The Jordan, Knauff & Company (JKC) Valve Stock Index was down 25.8 percent over the last twelve months, while the broader S&P 500 Index was up 9.3 percent. The JKC Pump Stock Index also decreased 20.6 percent for the same time period.1
The Institute for Supply Management’s Purchasing Managers’ Index (PMI) fell to 52.7 percent for the month of July compared to 53.5 percent in June. The New Orders Index rose to 56.5 percent from 56.0 percent, while the Production Index jumped 2.0 percentage points to 56.0 percent. Lower raw materials prices were indicated as the Prices Index fell 5.5 percentage points to 44.0 percent. Inventories of raw materials fell below 50 percent, registering 49.5 percent, a decrease of 3.5 percent from June.
The first estimate by the Bureau of Economic Analysis showed that U.S. gross domestic product (GDP) increased 2.3 percent in the second quarter of the year. The growth includes increases in personal consumption, state and local government spending, residential fixed income and exports. Federal government spending, private inventory investment and nonresidential fixed investment were all lower during the quarter. The report also revised first quarter GDP. Instead of contracting, the economy expanded at a 0.6 percent rate in the first quarter of 2015.
According to the U.S. Energy Information Administration (EIA), the rolling four-week average of U.S. gross refinery inputs has been above the five-year range every week of this year. Lower crude oil prices and strong demand for petroleum products, mostly gasoline, both in the U.S. and internationally have led to favorable margins. The total amount of gasoline produced in the U.S. is up 2.9 percent through the first five months of the year. Since early April, refinery utilization has consistently been above 90 percent. These record high gross outputs are the result of these high utilization rates and an increase in refinery capacity of 18.0 million barrels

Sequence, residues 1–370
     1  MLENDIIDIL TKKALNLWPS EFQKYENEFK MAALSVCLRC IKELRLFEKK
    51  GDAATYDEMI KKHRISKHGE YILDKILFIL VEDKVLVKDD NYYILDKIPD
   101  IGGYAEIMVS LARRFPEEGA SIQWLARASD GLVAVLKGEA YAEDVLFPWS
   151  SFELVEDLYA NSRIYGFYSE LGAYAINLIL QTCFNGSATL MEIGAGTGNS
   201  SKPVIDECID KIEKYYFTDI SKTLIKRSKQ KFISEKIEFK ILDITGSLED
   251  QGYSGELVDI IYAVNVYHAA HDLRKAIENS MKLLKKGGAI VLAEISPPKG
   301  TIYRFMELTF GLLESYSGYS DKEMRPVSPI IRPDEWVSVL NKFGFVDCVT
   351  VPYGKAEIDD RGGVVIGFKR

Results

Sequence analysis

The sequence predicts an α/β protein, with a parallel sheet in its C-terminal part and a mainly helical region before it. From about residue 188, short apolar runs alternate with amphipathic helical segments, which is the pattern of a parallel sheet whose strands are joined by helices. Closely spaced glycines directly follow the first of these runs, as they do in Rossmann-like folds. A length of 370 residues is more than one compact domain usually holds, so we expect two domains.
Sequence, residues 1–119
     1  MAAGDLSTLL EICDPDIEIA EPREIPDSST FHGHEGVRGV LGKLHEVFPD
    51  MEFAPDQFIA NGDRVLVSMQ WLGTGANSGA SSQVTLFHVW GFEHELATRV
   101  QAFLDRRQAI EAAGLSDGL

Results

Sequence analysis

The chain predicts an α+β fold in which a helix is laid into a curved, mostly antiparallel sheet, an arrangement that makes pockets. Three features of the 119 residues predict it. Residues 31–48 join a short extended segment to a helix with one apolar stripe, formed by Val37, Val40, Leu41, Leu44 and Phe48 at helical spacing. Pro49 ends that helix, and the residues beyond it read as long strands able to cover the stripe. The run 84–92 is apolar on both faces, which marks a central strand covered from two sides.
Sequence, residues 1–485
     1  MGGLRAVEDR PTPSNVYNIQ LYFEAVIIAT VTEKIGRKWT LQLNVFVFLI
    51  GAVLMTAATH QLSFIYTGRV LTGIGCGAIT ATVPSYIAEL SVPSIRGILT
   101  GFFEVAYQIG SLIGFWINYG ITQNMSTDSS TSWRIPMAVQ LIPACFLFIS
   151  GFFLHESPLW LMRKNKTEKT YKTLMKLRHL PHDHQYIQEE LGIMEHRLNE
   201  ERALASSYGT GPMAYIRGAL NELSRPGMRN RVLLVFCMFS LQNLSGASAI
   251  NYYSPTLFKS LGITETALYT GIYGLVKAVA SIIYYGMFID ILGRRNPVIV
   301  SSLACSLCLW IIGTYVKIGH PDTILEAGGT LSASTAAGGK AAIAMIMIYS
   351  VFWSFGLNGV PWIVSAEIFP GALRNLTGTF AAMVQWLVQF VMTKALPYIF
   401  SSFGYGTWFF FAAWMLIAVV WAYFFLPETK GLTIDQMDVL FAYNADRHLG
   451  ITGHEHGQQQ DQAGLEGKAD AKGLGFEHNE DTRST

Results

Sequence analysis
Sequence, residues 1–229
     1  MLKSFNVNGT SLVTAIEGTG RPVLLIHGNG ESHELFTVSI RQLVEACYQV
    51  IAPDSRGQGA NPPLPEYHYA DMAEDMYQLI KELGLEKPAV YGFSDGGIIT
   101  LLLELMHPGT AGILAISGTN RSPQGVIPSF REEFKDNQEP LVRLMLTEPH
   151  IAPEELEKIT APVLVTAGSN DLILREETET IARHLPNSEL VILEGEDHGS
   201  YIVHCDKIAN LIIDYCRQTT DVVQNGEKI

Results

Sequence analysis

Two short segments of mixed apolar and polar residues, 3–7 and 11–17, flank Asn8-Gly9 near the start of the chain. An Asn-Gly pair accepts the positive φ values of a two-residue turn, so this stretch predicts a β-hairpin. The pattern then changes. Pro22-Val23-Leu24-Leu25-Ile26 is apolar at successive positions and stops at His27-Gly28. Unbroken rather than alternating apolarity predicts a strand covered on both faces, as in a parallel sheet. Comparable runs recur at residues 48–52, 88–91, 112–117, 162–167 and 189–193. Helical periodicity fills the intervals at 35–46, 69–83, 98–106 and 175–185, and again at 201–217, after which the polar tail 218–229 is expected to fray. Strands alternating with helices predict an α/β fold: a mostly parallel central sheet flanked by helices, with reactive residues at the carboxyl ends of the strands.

per day as of January 1. U.S. refinery runs typically reach their peak in the second and third quarters of the year.
North Sea Brent crude oil prices averaged $57 per barrel in July and fell to $48 per barrel at the beginning of August. Increasing global liquids inventories, which rose by an estimated 2.3 billion barrels per day through the first seven months of the year compared with an average of 0.6 million barrels per day over the same period last year, helped push oil prices lower. The EIA projects that Brent crude oil prices will average $54 per barrel in 2015 and $59 per barrel in 2016.
On Wall Street all indices were up for the month of July. The Dow Jones Industrial Average was up 0.4 percent, the S&P 500 Index rose 2.0 percent and the NASDAQ Composite increased 2.9 percent. Despite weak second quarter earnings, the Federal Reserve Bank remains positive about the economy and still expects to increase interest rates “at some point this year.” Overall, economic activity was mixed, with positive gross domestic product numbers and an increase in durable orders, while disappointing data included initial unemployment claims, pending home sales and consumer confidence.
1. The S&P Return figures are provided by Capital IQ.
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